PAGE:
(2010; 152 pages)
The guidelines discuss snakes, snake venoms and snakebites and their consequences with emphasis on the medically important snakes i.e. those causing serious envenoming. The volume contains over a hundred snake photographs, clinical signs of envenoming and the consequences. The guidelines also feature various annexes and in particular the geographical distribution of African venomous snakes, as well as their classification, habitats and clinical toxinology.
The document is divided into fifteen chapters. Chapters 1, 2 and 3 introduce the subject, outline the morphological characteristics of African venomous snakes, present the distribution of African venomous snakes and provide epidemiological data on snakebite. Chapter 4 is specifically devoted to prevention of snakebite. Chapters 5, 6 and 7 discuss snake venoms as well as clinical features and profiles of envenoming by some snakes of medical importance. Chapters 8 and 9 outline the main clinical syndromes of envenoming in Africa and provide guidance to clinical assessment and diagnosis. Chapter 10 provides information on antivenoms and major suppliers of antivenoms. Chapters 11 and 12 discuss first aid and emergency clinical management of snakebite. Chapters 13, 14 and 15 discuss procedures for antivenom treatment and management of snakebite at community level and different health-care facilities as well as ancillary treatments.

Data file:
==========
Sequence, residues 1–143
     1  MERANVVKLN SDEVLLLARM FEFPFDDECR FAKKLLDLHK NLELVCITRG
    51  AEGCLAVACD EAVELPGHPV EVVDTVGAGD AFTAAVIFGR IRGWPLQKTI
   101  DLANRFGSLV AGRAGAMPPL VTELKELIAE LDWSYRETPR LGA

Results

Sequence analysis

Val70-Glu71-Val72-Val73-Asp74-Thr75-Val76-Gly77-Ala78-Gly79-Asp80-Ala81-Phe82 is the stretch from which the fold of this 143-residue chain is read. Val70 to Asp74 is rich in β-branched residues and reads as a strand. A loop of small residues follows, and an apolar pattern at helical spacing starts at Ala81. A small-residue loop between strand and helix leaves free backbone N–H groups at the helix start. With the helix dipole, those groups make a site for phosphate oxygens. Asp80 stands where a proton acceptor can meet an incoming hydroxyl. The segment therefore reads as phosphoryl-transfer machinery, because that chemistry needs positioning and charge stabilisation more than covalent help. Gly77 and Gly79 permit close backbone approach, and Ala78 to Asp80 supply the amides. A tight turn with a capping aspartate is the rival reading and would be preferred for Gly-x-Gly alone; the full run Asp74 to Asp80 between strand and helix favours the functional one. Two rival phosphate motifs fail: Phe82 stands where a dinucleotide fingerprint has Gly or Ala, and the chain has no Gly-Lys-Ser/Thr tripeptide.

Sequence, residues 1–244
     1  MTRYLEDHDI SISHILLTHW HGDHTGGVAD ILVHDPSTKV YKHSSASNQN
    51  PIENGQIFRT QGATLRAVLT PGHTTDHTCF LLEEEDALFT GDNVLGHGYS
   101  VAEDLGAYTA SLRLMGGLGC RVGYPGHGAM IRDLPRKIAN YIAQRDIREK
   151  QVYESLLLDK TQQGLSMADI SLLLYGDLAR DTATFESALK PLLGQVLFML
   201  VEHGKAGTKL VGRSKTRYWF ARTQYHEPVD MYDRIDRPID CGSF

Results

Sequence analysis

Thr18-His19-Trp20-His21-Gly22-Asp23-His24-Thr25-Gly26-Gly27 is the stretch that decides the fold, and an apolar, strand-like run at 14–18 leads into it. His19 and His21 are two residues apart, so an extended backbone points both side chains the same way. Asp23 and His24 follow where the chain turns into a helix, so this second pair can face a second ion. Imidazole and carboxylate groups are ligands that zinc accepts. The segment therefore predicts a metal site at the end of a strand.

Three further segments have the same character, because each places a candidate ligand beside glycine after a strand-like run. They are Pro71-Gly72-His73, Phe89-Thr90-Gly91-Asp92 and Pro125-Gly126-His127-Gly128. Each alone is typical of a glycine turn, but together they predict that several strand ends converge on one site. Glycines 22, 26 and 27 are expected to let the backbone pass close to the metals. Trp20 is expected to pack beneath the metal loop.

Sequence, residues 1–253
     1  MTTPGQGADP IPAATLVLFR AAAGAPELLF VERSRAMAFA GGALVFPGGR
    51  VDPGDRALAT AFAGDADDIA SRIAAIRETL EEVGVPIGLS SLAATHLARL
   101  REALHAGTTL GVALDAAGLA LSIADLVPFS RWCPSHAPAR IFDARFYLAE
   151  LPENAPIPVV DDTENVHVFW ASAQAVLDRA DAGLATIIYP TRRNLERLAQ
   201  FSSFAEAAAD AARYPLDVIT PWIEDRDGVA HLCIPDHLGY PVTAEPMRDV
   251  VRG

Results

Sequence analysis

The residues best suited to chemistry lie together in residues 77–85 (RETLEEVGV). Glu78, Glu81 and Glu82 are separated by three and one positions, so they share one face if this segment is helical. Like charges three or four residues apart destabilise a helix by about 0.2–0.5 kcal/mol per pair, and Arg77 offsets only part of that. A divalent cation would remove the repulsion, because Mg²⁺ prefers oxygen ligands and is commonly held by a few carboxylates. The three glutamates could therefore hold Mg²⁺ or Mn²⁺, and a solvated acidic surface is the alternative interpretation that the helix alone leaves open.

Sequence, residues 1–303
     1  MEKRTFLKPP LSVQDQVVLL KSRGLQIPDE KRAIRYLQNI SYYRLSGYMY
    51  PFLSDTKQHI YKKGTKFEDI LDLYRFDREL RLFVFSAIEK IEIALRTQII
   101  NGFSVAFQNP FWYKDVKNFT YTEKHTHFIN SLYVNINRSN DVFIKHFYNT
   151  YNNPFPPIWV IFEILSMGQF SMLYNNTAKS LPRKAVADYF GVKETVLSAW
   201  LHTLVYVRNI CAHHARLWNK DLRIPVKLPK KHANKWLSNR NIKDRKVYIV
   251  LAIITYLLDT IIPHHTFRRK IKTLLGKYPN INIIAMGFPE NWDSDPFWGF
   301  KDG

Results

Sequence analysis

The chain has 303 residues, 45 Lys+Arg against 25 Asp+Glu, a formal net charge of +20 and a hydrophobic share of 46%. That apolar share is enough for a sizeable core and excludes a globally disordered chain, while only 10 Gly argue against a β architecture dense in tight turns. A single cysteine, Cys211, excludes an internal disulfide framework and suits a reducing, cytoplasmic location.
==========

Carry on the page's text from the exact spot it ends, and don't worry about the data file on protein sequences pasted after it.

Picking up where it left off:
The guidelines are designed to provide useful information and guide the work of various levels of health workers in dealing with snakes and snakebite. Some sections provide useful and easily understood information for the general public on topics such as snake characteristics and distribution, prevention of snakebite, first aid in case of snakebite, easily observable venom effects in a snakebite victim, and what not to do in case of snakebite.
The guidelines also mention traditional practices and beliefs in relation to snakes and snakebite. They emphasize the fact that there are no scientifically proven traditional antidotes to snake venoms. However, in many rural settings, traditional healers may have a good knowledge of snakes within their environment and they can be useful resource persons in the conduct of community education programmes about snakes and snakebite...